25 years ago I got a bit of a kicking in the line of duty. The perpetrators were never caught despite the best efforts of a mate of mine who was the detective allocated to the case. We knew where they lived - in the largest concentration of social housing in Europe - but we didn't have enough info for one warrant let alone 25,000. The incident is just another story of a couple of shits who got away with assaulting a copper. The incidents that led up to it and my hilarious, semi-concussed actions in its aftermath are far more interesting than the twenty seconds that left me with an injury I would carry into retirement, but that yarn will have to wait.
That assault resulted in my pelvis being knocked a couple of degrees out of whack which wasn't discovered until ten years later, by which time my force had got itself into occupational health, but too late for me and my numerous bouts of neck and shoulder pain.
Pelvis injury = neck/shoulder problems? Yup, its all to do with the torsion of the spine, see? This wasn't obvious to me at the time, because I was the sort of stone age bloke who, if he got a pain in the neck, assumed that he had a problem in the neck area. So anyway, the newly educated me had his pelvis re-seated by the doctor's resident physio and thereafter I had to adjust all sorts of things, including my gait which had taken on an almost imperceptable change to compensate for the change in my geometry. I was going to have to re-set my gyro's, break long term habits of poor posture and re-educate lazy muscles. Re-booting a PC! ( I was actually an inspector by then but the booting/computer pun doesn't work so well)
I noticed a difference almost immediately and the stiff necks and shoulders were banished for months until one day I lifted a bag of sugar off a low shelf and, ouch, the familiar stabbing pain in the lower back. This time I saw a sports physiotherapist that my daughter had used. The chap was ex Royal Navy and brilliant. He warmed me up, rolled me over and bent me into position 136 (don't ask) before fooling me into thinking he was going to push when in fact he shoved. There was a rumbly, crunchy sound from deep within my pelvic area like I'd just rolled over onto a paper bag full of walnuts and suddenly I was no longer in pain. I could have kissed him, but he settled for 25 quid and a handshake.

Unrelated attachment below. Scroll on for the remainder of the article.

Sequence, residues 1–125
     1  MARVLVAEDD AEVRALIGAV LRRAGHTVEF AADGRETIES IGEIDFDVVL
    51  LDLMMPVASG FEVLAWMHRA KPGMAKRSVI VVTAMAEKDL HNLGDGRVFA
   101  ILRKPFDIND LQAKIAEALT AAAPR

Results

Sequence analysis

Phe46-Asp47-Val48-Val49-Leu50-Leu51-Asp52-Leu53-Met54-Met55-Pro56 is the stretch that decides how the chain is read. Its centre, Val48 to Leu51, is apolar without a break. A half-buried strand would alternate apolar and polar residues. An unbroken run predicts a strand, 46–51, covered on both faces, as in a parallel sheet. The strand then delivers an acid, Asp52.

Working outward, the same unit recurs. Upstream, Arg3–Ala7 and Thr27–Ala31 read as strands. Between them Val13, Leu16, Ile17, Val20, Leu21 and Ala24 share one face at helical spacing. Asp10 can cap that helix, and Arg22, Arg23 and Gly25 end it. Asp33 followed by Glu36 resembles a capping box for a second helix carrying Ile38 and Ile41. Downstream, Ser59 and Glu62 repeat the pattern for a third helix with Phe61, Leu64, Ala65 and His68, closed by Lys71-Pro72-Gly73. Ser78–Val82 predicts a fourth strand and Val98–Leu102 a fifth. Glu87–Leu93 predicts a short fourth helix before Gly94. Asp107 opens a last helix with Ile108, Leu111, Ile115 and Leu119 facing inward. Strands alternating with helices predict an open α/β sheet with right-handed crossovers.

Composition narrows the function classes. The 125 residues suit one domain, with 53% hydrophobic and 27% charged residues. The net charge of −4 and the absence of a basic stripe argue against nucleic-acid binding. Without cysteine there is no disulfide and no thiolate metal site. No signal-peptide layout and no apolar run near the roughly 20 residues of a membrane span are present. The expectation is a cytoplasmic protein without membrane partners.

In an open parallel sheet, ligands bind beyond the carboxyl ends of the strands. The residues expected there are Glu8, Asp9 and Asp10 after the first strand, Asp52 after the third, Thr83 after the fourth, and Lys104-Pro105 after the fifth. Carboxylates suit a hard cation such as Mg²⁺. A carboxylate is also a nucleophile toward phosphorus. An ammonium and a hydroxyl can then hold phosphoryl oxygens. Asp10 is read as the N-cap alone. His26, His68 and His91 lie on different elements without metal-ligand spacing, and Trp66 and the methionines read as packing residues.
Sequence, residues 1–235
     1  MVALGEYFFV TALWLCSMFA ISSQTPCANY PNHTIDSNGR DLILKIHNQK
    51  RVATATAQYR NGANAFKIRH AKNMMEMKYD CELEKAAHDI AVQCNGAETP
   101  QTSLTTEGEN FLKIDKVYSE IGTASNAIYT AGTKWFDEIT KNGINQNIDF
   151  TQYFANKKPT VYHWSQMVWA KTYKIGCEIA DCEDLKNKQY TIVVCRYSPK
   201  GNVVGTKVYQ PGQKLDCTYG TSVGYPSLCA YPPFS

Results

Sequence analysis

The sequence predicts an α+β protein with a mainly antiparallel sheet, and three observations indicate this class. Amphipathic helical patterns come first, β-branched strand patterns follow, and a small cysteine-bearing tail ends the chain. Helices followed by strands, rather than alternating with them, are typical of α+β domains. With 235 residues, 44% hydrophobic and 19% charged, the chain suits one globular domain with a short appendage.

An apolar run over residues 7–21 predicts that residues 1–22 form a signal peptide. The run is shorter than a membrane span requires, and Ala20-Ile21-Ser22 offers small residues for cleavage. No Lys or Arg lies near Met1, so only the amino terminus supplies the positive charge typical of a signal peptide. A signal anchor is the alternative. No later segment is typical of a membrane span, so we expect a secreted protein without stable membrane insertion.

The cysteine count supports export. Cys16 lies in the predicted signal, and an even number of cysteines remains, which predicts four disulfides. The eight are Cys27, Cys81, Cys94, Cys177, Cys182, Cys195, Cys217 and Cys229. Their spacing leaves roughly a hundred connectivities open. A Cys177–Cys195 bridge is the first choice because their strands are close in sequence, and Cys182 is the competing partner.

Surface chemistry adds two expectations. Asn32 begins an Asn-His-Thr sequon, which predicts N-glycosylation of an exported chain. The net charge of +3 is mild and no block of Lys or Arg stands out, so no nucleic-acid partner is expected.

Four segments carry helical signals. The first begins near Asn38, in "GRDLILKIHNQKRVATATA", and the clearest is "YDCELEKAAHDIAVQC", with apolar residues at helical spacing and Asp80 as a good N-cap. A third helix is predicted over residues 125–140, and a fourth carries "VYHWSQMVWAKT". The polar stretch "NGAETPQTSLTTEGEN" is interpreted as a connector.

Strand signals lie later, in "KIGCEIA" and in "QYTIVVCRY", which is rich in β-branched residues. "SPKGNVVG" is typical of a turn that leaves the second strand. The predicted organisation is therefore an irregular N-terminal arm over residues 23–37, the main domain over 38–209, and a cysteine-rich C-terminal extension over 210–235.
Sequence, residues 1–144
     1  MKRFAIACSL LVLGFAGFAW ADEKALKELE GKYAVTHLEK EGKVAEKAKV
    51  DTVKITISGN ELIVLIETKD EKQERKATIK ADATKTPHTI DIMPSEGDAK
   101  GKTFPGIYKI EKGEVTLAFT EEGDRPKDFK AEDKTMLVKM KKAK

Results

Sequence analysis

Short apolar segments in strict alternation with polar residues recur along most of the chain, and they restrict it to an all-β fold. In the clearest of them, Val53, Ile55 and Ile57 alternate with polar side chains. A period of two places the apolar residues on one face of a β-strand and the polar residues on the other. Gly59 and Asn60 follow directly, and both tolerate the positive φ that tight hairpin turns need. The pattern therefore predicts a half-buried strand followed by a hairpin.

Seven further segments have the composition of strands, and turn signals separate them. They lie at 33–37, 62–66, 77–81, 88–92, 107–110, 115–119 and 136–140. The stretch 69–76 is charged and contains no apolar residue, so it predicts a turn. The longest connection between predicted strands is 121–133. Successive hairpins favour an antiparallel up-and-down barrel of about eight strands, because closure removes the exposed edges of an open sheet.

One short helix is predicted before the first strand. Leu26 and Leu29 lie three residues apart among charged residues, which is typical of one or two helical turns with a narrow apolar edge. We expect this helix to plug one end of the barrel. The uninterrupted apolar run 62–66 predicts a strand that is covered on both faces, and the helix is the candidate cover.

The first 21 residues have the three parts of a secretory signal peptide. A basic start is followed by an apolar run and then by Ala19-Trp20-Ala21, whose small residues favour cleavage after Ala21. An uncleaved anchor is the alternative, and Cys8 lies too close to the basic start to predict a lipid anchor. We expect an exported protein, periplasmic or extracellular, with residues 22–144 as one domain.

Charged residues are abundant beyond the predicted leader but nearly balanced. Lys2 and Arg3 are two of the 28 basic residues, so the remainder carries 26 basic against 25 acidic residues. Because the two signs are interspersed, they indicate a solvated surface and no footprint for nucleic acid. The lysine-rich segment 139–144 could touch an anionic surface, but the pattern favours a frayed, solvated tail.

Before I skipped sprightly from his clinic he asked me if I'd heard of Pilates. "Yes, ladies in lycra" I replied. "Well it was originally bedridden soldiers" he said, "the ladies in lycra didn't catch on for decades - take my advice, do it". So I did and fifteen years later I still am. I still have the occasional visit to a chiropractor for a check-up and the odd bit of remedial work when I've forgotten the rules of posture and the physics of correct lifting technique but, I'm telling you, that little German guy knew his stuff. Co-incidentally, he used to be a self defence trainer at Scotland Yard before World War 1, but unfortunately his pupils at The Yard had to intern him during those hostilities. Thankfully they remained friends and he made another good decision in emigrating to America before the Nazi's initiated Round 2.
So there I was yesterday afternoon at my Thursday Pilates class. There is always a real eclectic mix wherever I've practiced. All shapes, sizes and ages, but with few exceptions all very keen to `stay with the programme`, both versions. I've got used to being the token bloke in the classes I've attended over the years, rarely has there been more than three of us amongst the female majority. I have to say that at no time have the ladies ever made me feel that I was the only man in the class, something I doubt would be reciprocated were the situation to be reversed (especially if the woman was as young and attractive as me). Yesterday afternoon one of the ladies started chatting to me before the coach called us to order. I'd seen her before but not to speak to, as she is often absent for several weeks. I mentioned this to her and she told me that she was off again next week for a while. She's flying to Ethiopia where she trains local nurses. You meet the nicest, most unexpected people whilst on your back, waving your legs about and wearing lycra.